The Burial of the Dead--
At the beginning, it starts out by talking of the memories that Marie has as a child. She describes that she goes off to have coffee with her cousin. In the lines 20-30, it talks about a shadow under a red rock. This could be a temptation that has come across her and she takes decides to take it because in line 40, she says "living nor dead and i knew nothing" which I think she was maybe depressed and didn't want to live anymore.
The paragraph after, speaks of a woman that is the best at fortune telling and of how she reads Marie's future. I think that she probably tells her that she must be careful because she see's her death coming. Then in the last paragraph, I think they find Marie dead and they have her funeral. Everyone morns her death, but she still speaks as if she was there. Maybe her spirit is still roaming because she tries to speak to her brother about a corpse he planted.
A Game of Chess--
In the second part, the scene is described as a woman sitting by a window that is rich and in a room full of strange synthetic perfumes. She seems to be thinking of her past and starts to speak to herself. She says that her nerves are bad and this could probably be that she's going nuts or something!
Afterwords, he starts speaking about a woman that is waiting for her husbands return. She is scared and doesn't know how he will take the fact that she didn't buy her teeth like she had promised, but instead she used it for drugs. Also, I think that she had an affair and doesn't know how he will take her disloyalty.
The Fire Sermon--
This part sort of got me to think that Eliot was describing the narrator as being in a solitaire graveyard. Also, he says that he speaks not loud or long but still hears the rattle of bones and chuckles, which could just be his conscience getting the best of him.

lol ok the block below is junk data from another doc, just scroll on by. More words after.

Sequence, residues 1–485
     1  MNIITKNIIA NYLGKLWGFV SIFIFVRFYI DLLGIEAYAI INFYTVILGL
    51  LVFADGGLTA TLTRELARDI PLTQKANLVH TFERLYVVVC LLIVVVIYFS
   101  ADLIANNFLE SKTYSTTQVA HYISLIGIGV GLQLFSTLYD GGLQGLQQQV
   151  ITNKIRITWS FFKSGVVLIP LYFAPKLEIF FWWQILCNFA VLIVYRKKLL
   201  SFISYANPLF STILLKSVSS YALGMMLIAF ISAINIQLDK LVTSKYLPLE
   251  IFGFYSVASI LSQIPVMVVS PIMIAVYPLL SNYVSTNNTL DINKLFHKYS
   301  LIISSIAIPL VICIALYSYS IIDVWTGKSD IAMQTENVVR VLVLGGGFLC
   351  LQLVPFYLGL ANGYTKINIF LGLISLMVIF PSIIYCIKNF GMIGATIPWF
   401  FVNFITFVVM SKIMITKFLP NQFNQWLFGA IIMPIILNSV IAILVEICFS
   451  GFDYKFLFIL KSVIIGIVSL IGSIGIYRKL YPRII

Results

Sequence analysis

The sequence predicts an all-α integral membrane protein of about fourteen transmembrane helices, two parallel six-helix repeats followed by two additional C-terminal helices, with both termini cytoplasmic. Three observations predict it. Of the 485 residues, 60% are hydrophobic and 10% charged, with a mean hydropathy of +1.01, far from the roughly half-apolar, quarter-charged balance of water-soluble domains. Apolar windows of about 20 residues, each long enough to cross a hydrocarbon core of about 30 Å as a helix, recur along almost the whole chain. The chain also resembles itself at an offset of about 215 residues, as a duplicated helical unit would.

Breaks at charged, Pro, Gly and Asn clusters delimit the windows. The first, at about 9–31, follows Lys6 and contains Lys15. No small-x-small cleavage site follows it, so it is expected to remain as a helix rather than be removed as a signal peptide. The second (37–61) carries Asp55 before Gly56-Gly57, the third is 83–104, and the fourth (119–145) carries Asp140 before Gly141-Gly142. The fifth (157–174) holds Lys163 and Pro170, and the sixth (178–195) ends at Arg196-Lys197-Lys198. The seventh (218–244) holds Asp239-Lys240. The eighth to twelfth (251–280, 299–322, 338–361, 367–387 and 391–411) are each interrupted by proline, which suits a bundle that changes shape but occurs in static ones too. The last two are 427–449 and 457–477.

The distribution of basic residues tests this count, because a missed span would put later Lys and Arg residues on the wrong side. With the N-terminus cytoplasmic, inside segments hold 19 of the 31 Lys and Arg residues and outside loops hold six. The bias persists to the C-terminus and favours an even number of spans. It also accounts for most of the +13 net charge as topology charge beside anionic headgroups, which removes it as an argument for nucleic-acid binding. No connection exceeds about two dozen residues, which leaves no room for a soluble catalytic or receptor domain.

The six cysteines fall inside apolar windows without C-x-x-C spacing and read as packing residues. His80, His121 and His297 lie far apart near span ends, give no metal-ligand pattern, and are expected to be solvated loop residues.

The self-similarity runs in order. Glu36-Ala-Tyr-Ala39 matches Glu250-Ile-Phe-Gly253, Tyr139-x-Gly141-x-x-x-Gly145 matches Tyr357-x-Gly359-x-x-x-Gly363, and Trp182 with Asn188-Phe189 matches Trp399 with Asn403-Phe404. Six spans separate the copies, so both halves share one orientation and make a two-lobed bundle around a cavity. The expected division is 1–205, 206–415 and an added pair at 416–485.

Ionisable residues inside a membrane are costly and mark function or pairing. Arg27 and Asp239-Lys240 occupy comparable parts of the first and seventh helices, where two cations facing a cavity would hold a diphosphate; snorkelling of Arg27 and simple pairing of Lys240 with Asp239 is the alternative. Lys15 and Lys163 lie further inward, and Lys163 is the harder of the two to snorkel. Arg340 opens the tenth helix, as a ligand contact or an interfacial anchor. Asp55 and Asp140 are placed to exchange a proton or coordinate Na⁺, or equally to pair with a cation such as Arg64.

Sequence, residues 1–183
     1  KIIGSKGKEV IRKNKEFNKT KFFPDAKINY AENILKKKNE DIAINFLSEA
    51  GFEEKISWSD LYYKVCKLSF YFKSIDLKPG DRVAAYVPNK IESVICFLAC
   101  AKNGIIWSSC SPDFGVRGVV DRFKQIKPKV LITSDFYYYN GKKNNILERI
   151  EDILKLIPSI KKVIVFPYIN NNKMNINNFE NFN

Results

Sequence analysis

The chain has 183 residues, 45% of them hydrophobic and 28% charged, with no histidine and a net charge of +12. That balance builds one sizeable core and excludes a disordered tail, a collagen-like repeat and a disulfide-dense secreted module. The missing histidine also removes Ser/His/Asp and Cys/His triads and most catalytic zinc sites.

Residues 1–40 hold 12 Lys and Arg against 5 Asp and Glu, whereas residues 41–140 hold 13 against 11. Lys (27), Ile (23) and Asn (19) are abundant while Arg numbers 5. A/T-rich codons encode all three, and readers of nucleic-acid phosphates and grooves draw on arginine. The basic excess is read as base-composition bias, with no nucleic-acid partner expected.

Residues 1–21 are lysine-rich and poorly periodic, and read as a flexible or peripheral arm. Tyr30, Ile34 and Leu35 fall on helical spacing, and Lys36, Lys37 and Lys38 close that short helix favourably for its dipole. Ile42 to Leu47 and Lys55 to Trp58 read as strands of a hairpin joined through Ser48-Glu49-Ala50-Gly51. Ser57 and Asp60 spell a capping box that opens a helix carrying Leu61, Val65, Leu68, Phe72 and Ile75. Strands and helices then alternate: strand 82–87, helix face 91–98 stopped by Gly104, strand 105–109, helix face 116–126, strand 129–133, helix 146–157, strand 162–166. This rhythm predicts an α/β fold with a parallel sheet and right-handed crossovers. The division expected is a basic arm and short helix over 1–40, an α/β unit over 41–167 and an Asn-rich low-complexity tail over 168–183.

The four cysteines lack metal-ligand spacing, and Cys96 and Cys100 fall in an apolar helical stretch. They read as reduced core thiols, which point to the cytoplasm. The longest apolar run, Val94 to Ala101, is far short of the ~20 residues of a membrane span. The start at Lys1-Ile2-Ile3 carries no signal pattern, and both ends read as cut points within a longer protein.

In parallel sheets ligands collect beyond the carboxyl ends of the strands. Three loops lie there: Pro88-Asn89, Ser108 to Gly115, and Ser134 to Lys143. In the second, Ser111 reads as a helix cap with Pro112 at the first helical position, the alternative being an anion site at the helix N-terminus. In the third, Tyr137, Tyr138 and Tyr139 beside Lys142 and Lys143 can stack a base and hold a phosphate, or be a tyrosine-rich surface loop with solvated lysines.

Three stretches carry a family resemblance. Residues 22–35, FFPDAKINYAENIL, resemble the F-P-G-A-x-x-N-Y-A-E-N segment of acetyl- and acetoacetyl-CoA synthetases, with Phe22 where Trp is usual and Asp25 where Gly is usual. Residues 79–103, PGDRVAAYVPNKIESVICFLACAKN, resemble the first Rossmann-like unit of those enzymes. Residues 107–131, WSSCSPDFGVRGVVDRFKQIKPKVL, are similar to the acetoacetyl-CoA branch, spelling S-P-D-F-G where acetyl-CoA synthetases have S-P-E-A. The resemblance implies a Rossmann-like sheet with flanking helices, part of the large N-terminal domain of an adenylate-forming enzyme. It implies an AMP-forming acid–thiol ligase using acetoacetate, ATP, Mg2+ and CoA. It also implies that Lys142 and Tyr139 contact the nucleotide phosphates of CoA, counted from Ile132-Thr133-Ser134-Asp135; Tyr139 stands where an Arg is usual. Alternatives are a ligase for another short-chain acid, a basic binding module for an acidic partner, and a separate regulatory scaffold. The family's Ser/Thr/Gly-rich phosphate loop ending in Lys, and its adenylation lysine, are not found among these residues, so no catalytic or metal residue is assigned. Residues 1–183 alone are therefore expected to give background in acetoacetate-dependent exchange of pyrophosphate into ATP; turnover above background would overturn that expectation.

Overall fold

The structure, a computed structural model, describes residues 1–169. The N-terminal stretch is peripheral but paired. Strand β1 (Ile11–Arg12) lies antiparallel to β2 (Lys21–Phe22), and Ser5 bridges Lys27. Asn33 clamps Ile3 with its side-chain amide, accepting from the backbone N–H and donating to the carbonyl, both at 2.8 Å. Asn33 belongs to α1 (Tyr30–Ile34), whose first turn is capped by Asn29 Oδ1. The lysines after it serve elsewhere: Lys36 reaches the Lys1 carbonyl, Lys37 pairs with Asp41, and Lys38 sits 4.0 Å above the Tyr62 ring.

Around line 215, he starts talking about the encounter of two lovers. The woman awaits in her hotel room for this man, which makes it seem like they are having an affair of some kind. In line 240-243, he says "exploring hands encounter no defense; His vanity requires no response, And makes a welcome of indifference; with these lines, it seems to me that the woman is no longer in love and feels like its just an obligation to have this encounter with the man.
Death By Water--
This part describes the death of Phlebas. Phlebas finds his death at sea, but is described as having lived his life. The whirlpool could signify the way that life is and of how it brings good and bad to one's life.
What the Thunder Said--
I didn't really understand this last part because it speaks of rocks and water, but isn't very clear. The rocks could signify life and the water could be the good things of life. He says that if there were rock and water then there could be a pool among the rock which could mean tranquility. Also, when he talks about the third person walking, does he try to say its death? The conversation at the end is also very confusing and not clear at ALL!!